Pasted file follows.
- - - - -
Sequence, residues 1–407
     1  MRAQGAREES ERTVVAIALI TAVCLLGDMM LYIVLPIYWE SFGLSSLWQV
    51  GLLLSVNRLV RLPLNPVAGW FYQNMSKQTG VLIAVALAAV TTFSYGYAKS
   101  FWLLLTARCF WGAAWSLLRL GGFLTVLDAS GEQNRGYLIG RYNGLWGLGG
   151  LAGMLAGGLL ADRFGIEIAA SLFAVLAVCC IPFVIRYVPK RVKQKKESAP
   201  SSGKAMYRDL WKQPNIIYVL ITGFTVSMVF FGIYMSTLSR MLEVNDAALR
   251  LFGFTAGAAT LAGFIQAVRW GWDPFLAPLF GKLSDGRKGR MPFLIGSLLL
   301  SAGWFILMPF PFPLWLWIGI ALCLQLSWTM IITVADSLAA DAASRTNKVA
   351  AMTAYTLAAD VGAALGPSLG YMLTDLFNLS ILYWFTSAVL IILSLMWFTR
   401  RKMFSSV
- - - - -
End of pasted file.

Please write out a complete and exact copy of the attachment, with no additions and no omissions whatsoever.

Sequence, residues 1–407
     1  MRAQGAREES ERTVVAIALI TAVCLLGDMM LYIVLPIYWE SFGLSSLWQV
    51  GLLLSVNRLV RLPLNPVAGW FYQNMSKQTG VLIAVALAAV TTFSYGYAKS
   101  FWLLLTARCF WGAAWSLLRL GGFLTVLDAS GEQNRGYLIG RYNGLWGLGG
   151  LAGMLAGGLL ADRFGIEIAA SLFAVLAVCC IPFVIRYVPK RVKQKKESAP
   201  SSGKAMYRDL WKQPNIIYVL ITGFTVSMVF FGIYMSTLSR MLEVNDAALR
   251  LFGFTAGAAT LAGFIQAVRW GWDPFLAPLF GKLSDGRKGR MPFLIGSLLL
   301  SAGWFILMPF PFPLWLWIGI ALCLQLSWTM IITVADSLAA DAASRTNKVA
   351  AMTAYTLAAD VGAALGPSLG YMLTDLFNLS ILYWFTSAVL IILSLMWFTR
   401  RKMFSSV